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June 28, 2006 - by jason
It isn’t a complicated problem on the surface: get from one’s house in France’s Rhône Valley to the Joyent office in San Anselmo, California. Just a hop, skip and a jump, surely.
Getting a reasonably priced ticket from Paris to SFO is of course the first priority (one flies economy, because one’s Scots/Dutch heritage leads one to be cheap as all hell). One has learned never to whiffle about with the Expedias and the Travelocities and the Kayaks during the business week: transatlantic rates only ever dip reliably sometime in the middle of the night between Saturday and Sunday, and even then it’s a mad dash between browser tabs to catch the elusive combination of price, minimal stop-overage, and a rich flow of points.
There’s no really easy way to get to Paris from here: it’s either an hour long flight from Marseille, with a few hours of driving and check-in time tacked on, or a three-hour train ride from Avignon with at least 45 minutes in the car to get to the station. The train is less expensive and in many ways more pleasant, but no matter how one gets to Paris it pretty much needs to happen the night before, otherwise there’s no way to guarantee the preflight earliness one needs to a) get on the plane at all, and b) ensure a decent seat, and, possibly, c) wheedle and cajole an upgrade to one of those mythical barcaloungers way up front, where they, well, you know what they do up there.
So one rolls the Hotwire dice and spends the night at one of five or so hotels hugged around Charles de Gaulle, where free shuttles, CNN International, 22€ breakfasts and eye-crossingly overpriced wifi lay in wait to help one enjoy one’s stay. The Sheraton in Terminal 2, incidentally, represents the motherlode of CDG accommodation, and if Hotwire can get you in for $80 US for the night, as is often the case, it feels, standing in one’s complimentary terrycloth robe, watching planes noiselessly take off and land through the triple-paned windows, like a major freaking score.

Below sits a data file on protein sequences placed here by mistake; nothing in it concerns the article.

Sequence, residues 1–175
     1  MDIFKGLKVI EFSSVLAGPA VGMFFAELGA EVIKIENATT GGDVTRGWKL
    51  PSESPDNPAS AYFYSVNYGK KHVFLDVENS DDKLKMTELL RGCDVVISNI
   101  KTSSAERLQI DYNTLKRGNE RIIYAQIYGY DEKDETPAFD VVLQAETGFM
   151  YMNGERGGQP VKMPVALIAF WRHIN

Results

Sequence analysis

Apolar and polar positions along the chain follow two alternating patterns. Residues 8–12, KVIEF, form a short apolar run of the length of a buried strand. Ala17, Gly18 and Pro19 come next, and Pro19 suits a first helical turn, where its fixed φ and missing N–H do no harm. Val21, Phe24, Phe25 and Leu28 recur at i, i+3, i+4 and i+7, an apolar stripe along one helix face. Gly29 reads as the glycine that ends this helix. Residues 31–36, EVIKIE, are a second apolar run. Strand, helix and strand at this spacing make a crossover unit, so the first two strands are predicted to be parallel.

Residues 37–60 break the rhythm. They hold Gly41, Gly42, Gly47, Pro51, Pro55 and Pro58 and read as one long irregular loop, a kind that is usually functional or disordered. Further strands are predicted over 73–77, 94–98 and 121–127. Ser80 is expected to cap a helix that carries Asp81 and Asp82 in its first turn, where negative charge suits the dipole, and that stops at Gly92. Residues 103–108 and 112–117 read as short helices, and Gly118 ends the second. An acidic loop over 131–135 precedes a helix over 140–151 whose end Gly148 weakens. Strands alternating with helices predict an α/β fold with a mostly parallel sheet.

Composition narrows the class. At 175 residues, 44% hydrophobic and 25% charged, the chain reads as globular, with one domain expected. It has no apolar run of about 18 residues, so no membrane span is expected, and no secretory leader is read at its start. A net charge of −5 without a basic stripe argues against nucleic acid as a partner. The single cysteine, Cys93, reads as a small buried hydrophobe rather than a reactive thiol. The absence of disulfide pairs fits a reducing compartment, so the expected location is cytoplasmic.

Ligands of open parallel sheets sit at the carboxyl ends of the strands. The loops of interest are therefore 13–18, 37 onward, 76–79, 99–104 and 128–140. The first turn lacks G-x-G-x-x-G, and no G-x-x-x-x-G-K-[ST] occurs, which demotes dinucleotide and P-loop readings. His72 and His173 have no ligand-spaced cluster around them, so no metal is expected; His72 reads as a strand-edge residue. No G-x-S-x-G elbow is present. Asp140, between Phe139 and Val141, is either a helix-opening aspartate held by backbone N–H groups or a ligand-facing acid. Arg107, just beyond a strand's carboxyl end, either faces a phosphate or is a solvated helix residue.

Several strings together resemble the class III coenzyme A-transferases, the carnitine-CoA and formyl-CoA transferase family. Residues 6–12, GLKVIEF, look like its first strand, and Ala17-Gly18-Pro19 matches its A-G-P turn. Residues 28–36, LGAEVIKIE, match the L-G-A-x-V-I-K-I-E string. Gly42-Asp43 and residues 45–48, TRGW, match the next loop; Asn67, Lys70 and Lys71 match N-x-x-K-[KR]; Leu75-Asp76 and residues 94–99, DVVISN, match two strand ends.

The next day, at the worryingly dilapidated Charles de Gaulle Terminal 1 – all greasy tubes and sweating concrete – one somehow manages every single time to connect with the same US Homeland Security screening agent, and every single time the concept of a Canadian living in France who’s the president of a US-based company needs to be laid out, documented, flowcharted, powerpointed, written in blood, before she invariably wanders off to ‘speak to the supervisor’, who in turn flips through one’s passport, sniffs the air, shrugs his shoulders, and sends the agent back to begin the second round of interrogation: who packed one’s bags, anything resembling a weapon, and so on.
Once a boarding pass is issued and the security scans, pokes and prods are complete, one is faced with the brutal truth that, unless one is connecting through the somewhat sin-accommodating Dulles International, there will be no cigarettes for the next fifteen or so hours. Fine.
Provided the sleeping tablets have worn off upon arrival to SFO, getting through customs and immigration can be a breeze: just a matter of inching along four and a half miles of snaking queues, smiling brightly to the agent and not feeling self-conscious about the swath of dried red wine covering half of one’s nice new white shirt.
Getting home is, of course, an entirely different story.